The Midwich Cuckoos is about the quiet, fictional English town of Midwich, which gets breached by a strange silver object. The object appears right in the center of the town, and during its short stay, manages to render everyone inside the towns border unconscious. Nobody outside of the town can try to enter it without them collapsing instantly and also losing consciousness, until they are moved away from the invisible barrier. Within 24 hours, the object
...more
Jonathan Terrington

The Midwich Cuckoos is part sci-fi and part horror story with a greater emphasis on the sci-fi elements. John Wyndham with this tale, in combination with The Day of the Triffids and The Chrysalids, has cemented a place on my list of all time great science fiction authors. His works are both entertaining, well written and enlightening. They are a complement to the reader and no doubt many later writers have been inspired by his contributions to writing whether they realise it or not.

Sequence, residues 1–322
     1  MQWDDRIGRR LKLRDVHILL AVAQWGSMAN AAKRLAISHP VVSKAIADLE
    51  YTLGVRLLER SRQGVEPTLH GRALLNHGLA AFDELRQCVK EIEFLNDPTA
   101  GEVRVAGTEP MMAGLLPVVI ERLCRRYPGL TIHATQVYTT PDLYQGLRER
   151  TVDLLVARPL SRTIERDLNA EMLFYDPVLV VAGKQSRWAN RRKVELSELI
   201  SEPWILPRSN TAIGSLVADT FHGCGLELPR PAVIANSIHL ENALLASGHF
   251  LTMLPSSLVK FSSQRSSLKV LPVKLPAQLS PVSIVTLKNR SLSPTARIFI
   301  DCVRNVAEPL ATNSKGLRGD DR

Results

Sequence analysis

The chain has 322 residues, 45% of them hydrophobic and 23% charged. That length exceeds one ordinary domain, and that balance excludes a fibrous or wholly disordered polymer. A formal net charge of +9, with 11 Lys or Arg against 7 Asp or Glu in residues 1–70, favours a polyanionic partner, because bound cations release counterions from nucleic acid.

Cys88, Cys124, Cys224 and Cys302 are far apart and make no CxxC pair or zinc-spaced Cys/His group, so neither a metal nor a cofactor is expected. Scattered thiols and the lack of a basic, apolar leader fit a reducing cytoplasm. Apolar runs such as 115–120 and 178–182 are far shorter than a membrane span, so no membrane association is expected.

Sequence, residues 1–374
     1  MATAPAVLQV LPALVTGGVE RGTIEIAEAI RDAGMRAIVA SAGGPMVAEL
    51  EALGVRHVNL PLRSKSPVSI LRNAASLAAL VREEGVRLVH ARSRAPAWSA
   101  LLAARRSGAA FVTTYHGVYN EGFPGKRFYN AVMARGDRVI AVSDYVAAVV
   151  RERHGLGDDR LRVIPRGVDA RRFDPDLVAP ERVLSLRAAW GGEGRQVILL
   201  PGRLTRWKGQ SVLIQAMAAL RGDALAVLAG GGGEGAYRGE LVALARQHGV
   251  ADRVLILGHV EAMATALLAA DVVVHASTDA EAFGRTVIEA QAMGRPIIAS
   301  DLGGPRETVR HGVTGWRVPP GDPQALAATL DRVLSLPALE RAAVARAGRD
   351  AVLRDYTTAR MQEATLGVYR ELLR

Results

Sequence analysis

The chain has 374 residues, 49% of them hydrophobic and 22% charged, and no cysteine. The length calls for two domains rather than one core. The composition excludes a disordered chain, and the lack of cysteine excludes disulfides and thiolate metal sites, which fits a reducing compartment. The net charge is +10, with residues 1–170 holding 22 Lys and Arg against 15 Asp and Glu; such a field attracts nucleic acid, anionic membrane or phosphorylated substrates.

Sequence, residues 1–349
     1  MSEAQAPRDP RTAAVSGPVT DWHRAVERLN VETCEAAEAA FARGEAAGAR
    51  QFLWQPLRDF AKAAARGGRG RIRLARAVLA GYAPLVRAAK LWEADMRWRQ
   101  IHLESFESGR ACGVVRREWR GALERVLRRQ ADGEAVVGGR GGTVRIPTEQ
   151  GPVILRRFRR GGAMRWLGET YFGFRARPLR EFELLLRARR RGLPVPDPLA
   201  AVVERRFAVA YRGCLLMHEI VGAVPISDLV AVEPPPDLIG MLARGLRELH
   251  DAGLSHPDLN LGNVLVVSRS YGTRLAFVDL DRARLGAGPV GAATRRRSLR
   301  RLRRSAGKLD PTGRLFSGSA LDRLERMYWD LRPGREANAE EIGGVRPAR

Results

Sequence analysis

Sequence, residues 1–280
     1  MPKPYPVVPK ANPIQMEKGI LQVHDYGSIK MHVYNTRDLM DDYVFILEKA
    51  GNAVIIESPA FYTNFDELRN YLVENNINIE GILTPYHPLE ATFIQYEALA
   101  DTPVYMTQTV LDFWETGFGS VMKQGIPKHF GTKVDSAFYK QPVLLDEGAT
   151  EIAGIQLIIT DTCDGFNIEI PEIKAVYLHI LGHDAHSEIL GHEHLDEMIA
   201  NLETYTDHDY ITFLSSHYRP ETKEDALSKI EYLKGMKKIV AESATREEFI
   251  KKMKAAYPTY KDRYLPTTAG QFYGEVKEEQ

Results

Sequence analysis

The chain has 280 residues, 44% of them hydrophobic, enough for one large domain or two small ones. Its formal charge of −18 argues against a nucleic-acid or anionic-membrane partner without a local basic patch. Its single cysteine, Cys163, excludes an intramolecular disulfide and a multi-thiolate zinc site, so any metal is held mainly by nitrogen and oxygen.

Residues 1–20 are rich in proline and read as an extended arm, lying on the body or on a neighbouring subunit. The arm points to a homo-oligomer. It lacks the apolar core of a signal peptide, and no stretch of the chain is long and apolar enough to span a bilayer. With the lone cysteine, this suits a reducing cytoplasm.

The Midwich C
...more
Ferdy
Aug 25, 2013 rated it liked it  ·  review of another edition
Shelves: aliens, classic, meh, powers, sci-fi
2.5 stars - Spoilers

-Liked some parts, hated others. The most enjoyable aspect was the premise — creepy alien children are always fun to read about. Everything else was kind of dull.

-The pacing was all over the place.

-It wasn't always clear what was going on — the writing was either too dry or made no sense.

-The random changes from first person to third person was annoying.

-There was too much philosophy for my liking.

-I was rooting for the Children more than the villagers. I was disappointed tha
...more
Kirsty
Mar 11, 2017 rated it it was amazing  ·  review of another edition